I have been struggling for a while how to write a post to tie these things together but just can’t seem to get there. These things are all related to my pure conjecture, speculation and general feelings about some of Apple’s short and long term strategy moves so they are pieces loosely connected in that respect. Then, I had the dilemma of whether or not to post this today, a day when the internet is rife with fake news and clever pranks. I was afraid that no one would take me seriously. But then, I had an epiphany – This is exactly the reason to post this today.

Therefore, without further ado, here are just some random thoughts, observations, and, in the words of Arseno Hall, things that make you go “hmmmmm”:

  • If I were Apple, and I was considering creating an App Store for the Mac, I might start by making the Mac Developer program the exact same price as the iPhone program (and by “iPhone” I mean any iPhone OS based device). It would certainly be the step I would take before I merged the two programs. In fact, perhaps the best reason for doing so would be that, eventually, the tools would be in place for developers to write one application and have it behave in device specific ways. In other words, install it on an iPhone and it looks and runs like an iPhone app. Install that same application on a Mac and it magically works and feels like a Mac application.

  • I don’t think enough emphasis has been placed on the real and advantageous reasons (in their mind at least) Apple might have for creating a Mac App Store and making that the only way to install Apps on a Mac as it is with the iPhone/iPad. This is not only about control for the sake of control – which they clearly prefer. It is also about control for the sake of quality and security. The Mac OS only remains fairly secure and virus/malware free mostly through obscurity. The folks who would want to exploit the many known security holes just don’t see enough money in it for it to be worth the time. That said, as Apple’s marketshare increases, so does that metric. Certainly, if the only way to get any executable on the Mac required going through the App store, or installation of a specific Ad Hoc Profile that requires the user supply their UUID, and then that had a forced expiration date and creating such required Developer Program membership… I think you see where I am going. The system in place for the iPhone is an incredibly secure one in comparison to the Mac OS. There is a lot of value in that – especially from a marketing perspective.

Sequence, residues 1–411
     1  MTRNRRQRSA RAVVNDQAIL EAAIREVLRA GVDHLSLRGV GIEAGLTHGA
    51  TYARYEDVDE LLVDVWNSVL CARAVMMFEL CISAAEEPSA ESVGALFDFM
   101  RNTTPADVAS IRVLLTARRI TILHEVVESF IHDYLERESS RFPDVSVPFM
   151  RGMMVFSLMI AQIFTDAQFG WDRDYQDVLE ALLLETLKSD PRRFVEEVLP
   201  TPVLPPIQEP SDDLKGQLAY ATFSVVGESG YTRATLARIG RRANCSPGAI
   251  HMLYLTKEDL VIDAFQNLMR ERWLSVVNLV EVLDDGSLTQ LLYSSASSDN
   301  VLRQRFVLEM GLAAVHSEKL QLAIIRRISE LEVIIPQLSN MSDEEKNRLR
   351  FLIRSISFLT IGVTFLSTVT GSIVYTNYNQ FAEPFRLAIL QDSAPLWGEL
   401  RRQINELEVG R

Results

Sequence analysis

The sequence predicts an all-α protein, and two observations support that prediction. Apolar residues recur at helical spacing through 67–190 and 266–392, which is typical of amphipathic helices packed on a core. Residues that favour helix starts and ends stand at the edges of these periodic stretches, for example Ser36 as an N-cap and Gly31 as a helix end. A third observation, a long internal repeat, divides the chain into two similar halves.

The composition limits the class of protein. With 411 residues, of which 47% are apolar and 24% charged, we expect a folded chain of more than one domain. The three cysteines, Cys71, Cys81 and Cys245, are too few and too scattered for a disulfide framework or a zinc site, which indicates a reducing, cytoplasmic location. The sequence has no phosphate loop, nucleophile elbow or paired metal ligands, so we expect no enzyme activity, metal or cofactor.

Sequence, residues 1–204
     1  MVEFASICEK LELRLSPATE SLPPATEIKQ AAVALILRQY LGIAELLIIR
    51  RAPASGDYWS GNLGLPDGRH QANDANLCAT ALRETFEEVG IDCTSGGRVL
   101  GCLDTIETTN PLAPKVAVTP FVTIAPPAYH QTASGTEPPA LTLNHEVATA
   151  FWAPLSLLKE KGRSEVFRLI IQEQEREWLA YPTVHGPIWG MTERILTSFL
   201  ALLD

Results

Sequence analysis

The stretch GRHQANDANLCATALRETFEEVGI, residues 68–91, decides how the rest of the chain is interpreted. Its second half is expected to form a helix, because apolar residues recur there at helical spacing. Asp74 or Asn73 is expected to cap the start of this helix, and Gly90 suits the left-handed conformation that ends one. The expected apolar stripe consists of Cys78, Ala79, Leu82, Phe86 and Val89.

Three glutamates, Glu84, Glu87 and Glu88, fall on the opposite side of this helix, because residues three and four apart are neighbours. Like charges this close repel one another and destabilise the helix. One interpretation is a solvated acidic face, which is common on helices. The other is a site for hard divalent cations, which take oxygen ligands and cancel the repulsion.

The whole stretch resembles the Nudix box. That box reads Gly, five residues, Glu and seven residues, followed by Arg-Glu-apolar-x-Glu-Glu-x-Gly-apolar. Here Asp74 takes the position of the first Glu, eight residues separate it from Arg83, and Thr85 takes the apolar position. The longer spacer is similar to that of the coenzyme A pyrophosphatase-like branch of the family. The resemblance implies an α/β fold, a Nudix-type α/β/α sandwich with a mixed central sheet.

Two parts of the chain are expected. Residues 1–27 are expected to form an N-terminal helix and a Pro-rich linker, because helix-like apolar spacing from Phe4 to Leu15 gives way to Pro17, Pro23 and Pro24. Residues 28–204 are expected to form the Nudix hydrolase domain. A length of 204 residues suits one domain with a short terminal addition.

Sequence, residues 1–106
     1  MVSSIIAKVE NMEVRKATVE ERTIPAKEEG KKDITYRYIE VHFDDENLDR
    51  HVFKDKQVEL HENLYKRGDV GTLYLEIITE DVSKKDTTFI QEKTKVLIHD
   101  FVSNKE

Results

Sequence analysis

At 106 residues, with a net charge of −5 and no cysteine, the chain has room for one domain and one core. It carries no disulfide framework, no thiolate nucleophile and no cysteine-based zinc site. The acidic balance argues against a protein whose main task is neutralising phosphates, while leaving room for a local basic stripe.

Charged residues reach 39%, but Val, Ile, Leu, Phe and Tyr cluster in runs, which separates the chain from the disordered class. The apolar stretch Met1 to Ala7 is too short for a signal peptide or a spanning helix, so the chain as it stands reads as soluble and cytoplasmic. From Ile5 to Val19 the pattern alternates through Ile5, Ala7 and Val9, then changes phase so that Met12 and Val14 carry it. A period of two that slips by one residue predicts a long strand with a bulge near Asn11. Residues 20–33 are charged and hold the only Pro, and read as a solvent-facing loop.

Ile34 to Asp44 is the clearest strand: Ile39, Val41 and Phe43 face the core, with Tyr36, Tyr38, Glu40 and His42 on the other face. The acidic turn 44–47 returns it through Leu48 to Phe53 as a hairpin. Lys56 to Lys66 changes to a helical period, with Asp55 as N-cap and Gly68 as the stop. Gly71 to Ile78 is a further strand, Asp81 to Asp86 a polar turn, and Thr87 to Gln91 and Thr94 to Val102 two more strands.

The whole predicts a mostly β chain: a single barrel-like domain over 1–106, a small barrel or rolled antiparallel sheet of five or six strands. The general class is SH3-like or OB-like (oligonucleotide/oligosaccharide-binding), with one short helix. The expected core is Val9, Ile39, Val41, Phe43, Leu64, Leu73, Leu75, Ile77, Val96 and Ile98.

• The fact that Tim Cook has been increasingly more visible as a public face of Apple has not escaped my notice. Also, I have noted that so many of the times he has spoken at some event, he goes well out of his way to talk about the “culture” of Apple is what allows it to perform at the level it does. Not any one person and, in a sense, not specifically people at all. It is, in his mind, the culture that powers the success machine. Good ideas develop at one end and magic comes pouring out the other and it is the culture that drives that. Once thing that a lot of people don’t think about is how incredibly flat of an organization Apple is compared to most others like it. By flat I mean that the number of people between, say, a retail store employee and Steve Jobs himself is quite a bit less than say, at Microsoft. Such flatness works very well for maintaining and instilling a unique culture. Simply hire the right people that fit well into that culture and the machine will keep churning out successful products.

    • The subtext of the above: Everything will be fine when Steve leaves and Tim Cook takes over, it is the culture that drives Apple’s success, not any one individual. So every time you hear an Apple executive mention “culture”, this is what they are saying.

    • Pixar is a good example of a post Steve Apple. Put the good stories at one end, let the culture develop them, watch the magic happen.